The abolition of milk quotas in 2015 presents a real opportunity for growth of the Irish dairy sector. This growth will require significant capital investment. Producers now have the opportunity to increase herds and invest in land and milking capacity.
Processors will need to install additional capacity to accommodate the increased milk supply. Processors will have to review their product mix to ensure they are achieving sustainable prices and are producing products for which there is an identifiable market. Major questions to be addressed include: what products to produce; where to sell the products; and how to enter new markets. Hence the decisions around strategy and technology have never before been more pertinent to future success.
The goal is for the food and agribusiness sector to be profitable while ensuring it can continue over the long term by managing resources, materials, skills and using appropriate technologies.
Thus, the sector needs to demonstrate efficiency in the use of resources to mitigate any risks that may jeopardise the long term success of the sector. There is likely to be increasing pressure to deliver on such an agenda. The regulatory environment will make these matters more pressing. Innovation will be central to sustaining businesses into the future.
Driving supply chain efficiencies
The supply chain represents a very significant cost to doing business. Reducing these costs is a constant challenge. Efficiencies must be found at all stages of the supply chain.
Current trends show business moving towards leaner and greener supply chains where the focus is on mitigating environmental impact through developing sustainable practices. The supply chain is rapidly evolving through innovation and technological advancements.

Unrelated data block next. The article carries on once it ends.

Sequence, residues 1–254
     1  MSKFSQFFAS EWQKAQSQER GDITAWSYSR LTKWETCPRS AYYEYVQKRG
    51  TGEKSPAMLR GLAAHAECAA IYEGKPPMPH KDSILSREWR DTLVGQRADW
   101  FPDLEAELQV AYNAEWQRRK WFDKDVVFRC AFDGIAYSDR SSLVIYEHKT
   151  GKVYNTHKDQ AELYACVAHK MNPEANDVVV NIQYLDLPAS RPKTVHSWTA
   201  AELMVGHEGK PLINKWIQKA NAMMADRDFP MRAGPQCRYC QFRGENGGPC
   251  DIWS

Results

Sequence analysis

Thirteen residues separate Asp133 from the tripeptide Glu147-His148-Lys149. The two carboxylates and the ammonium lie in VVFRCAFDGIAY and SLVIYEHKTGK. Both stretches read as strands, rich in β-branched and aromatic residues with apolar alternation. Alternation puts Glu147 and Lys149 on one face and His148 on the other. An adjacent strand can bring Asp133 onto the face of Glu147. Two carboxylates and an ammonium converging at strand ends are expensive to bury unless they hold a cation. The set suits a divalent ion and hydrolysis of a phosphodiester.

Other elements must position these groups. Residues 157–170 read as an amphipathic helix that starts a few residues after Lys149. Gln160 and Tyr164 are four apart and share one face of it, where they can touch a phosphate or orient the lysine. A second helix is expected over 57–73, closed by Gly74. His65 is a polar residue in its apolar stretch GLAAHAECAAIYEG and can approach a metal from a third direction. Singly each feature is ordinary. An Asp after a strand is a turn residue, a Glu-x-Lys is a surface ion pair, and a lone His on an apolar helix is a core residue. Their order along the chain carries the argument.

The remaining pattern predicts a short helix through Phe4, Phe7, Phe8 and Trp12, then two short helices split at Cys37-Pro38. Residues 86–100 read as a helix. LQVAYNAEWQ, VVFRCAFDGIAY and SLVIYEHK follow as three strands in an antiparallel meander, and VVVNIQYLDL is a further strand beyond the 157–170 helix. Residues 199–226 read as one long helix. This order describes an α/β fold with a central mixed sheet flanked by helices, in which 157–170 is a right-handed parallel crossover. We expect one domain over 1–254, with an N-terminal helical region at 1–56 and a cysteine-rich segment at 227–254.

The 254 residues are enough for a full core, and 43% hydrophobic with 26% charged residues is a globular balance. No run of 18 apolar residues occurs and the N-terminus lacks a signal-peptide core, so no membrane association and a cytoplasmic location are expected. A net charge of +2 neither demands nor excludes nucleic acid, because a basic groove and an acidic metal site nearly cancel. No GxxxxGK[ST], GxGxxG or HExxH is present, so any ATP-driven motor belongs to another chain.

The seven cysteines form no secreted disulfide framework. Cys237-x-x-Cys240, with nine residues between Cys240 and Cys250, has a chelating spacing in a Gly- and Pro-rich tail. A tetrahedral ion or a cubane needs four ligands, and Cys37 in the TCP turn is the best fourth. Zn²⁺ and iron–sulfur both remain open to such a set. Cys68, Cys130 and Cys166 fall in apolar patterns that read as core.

The supply chain must have the flexibility to scale up and down as dictated by the seasonality of the produce and demand for the products. Businesses that are behind the curve will become uncompetitive. Every business should have a clear understanding of how they measure up against industry peers. Periodically benchmarking key metrics is hugely important for business decision makers.
Access to funding
Access to funding has been significantly curtailed in recent years. Expansion, exporting and innovating will require investment. It is important that businesses have in place the correct funding structure for their particular needs.
Funding can be sourced from the business’s own reserves through retaining profits, levies and additional shareholder investment or separately through debt financing. Increasingly, companies are availing of alternative funding structures such as joint ventures, SPVs, partnerships and long term lease agreements. Capital can also be released through invoice discounting and assets disposals. Often the lack of liquidity of the equity shares constrains business investment and development, addressing this is a major consideration for management.
Managing the brand is important in differentiating and securing a position in the market. Successful brand management therefore builds the value in the business. Even for businesses upstream in the value chain, they are greatly impacted by the downstream influences of consumers and retailers.
Everyone along the supply chain / value chain needs to be cognisant of trends, preferences and consumer requirements. It is critical to understand the consumer preferences and the needs of consumers and thus position the business and brand in a way that remains relevant for consumers and customers. Therefore the brand offering needs to be aligned to ensure it meets the needs of the target customer.
Exporting to new markets
Ireland has committed to developing the food and agribusiness sector through the vision as articulated in Harvest 2020. Ireland is of strategic importance to the global food sector, particularly in dairy where Ireland accounts for 14% of global dairy export.
It is incumbent on Irish food companies to safeguard our reputation for quality and the integrity of our supply. Therefore it is important to take the necessary steps to mitigate risks to the supply chain. Food companies need to have strong governance around traceability and risk assurance around products and processes in place.
The growing middle classes in the BRIC countries (Brazil, Russia, India and China) present significant export opportunities for the Irish food and agribusiness sector. For many of the world’s largest economies security of food supply is a real issue. Meeting demand will require innovation, tailored products and an efficient supply chain. Successfully doing business in emerging markets is contingent on factors such as import duties, trade tariffs, port clearance, local taxes, bilateral trade agreements and derogations.